It’s no surprise that no two runners run with the same impact on the ground. Body weight, running mechanics, and pace are only several of the many factors that affect the amount and distribution of force applied with each step. So, how can a shoe be designed to work well for a broad range of runners? Brooks’ answer: DNA.
DNA is the cushioning gel Brooks includes in the midsole of many of their shoes. The DNA gel is adaptive to the force applied to it, meaning that the higher the force, the stiffer it becomes. This way, the cushioning becomes firmer for heavier runners or more responsive when running at a quicker pace.
Brooks DNA uses a non-Newtonian fluid, or a fluid whose viscosity is dependent on the stress applied on it. At lower impacts, loose interactions between the polymers of the DNA material make it flexible and soft. When impact is increased, the interactions strengthen, making the material harder and firmer. For an extreme example, check out this video of people running across a pool of non-Newtonian fluid – they can cross it when running, but when standing still they sink.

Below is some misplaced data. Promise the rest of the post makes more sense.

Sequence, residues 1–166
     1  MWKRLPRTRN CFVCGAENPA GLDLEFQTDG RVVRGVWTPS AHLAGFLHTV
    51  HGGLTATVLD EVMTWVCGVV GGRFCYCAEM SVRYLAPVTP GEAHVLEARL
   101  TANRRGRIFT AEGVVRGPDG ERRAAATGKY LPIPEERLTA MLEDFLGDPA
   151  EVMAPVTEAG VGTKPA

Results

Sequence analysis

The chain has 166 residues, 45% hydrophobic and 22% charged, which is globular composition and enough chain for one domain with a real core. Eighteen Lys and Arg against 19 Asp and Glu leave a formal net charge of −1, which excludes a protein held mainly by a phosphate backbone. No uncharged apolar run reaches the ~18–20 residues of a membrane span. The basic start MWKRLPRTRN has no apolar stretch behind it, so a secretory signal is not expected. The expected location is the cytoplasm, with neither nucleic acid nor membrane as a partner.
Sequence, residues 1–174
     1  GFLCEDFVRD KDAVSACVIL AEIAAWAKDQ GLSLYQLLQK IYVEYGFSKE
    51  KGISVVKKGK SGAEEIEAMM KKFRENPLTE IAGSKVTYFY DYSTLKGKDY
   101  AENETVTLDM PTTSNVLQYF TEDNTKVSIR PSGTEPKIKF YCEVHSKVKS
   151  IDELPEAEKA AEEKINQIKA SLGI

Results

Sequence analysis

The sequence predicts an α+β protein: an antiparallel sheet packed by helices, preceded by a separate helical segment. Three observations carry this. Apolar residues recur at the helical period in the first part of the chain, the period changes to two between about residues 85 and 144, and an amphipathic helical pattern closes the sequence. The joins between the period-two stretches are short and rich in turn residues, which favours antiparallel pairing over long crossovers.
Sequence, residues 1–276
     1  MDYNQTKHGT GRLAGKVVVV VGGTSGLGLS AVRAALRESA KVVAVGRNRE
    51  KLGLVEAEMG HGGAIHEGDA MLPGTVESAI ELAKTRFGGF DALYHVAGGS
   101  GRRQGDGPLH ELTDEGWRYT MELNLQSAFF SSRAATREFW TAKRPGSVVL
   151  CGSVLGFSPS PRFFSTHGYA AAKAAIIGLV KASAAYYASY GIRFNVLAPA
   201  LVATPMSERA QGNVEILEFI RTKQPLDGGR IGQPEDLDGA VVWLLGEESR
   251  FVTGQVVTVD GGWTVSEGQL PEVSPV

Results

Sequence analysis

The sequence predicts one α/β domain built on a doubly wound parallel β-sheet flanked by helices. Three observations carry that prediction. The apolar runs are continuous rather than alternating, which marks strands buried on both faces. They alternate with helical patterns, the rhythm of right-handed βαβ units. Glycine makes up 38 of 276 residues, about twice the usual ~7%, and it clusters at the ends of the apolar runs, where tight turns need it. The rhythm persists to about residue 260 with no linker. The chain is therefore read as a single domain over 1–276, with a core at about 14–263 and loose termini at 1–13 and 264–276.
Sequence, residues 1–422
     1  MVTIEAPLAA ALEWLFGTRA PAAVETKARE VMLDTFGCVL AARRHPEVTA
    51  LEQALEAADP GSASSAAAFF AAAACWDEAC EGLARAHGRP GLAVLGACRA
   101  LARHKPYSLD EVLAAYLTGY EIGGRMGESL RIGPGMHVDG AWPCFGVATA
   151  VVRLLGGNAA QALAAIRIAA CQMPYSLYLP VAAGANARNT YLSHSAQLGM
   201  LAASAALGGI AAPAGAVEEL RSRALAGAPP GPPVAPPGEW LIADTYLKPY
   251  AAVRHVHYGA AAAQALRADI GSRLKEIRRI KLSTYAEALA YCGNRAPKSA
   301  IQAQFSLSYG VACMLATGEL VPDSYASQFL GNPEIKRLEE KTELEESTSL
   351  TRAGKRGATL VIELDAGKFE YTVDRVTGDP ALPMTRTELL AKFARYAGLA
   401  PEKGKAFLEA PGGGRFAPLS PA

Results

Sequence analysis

Brooks offers its DNA in several configurations in its current footwear lineup.
- Anatomical DNA is the most common application in current Brooks shoes. It is comprised of two discrete inserts in the heel and the ball of the foot for adaptive cushioning upon footstrike.
- Full-length DNA, found in premium trainers, features a single insert spanning the length of the foot, providing adaptive cushioning in key areas from heel strike to toe-off.
- BioMogo DNA does not use a gel insert. Instead, the DNA material is blended with Brooks’ BioMogo midsole compound for adaptive cushioning throughout the platform. This eliminates waste through the removal of insert cutouts, but has the drawback of limiting the ability to target the DNA material to particular high impact points in the shoe. BioMogo DNA is available in all Brooks PureProject shoes, as well as in the Cascadia.